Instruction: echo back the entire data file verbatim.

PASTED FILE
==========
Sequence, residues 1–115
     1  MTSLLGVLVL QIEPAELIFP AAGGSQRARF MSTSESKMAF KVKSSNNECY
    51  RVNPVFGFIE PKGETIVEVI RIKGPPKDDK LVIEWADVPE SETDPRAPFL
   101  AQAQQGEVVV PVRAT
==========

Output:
Sequence, residues 1–115
     1  MTSLLGVLVL QIEPAELIFP AAGGSQRARF MSTSESKMAF KVKSSNNECY
    51  RVNPVFGFIE PKGETIVEVI RIKGPPKDDK LVIEWADVPE SETDPRAPFL
   101  AQAQQGEVVV PVRAT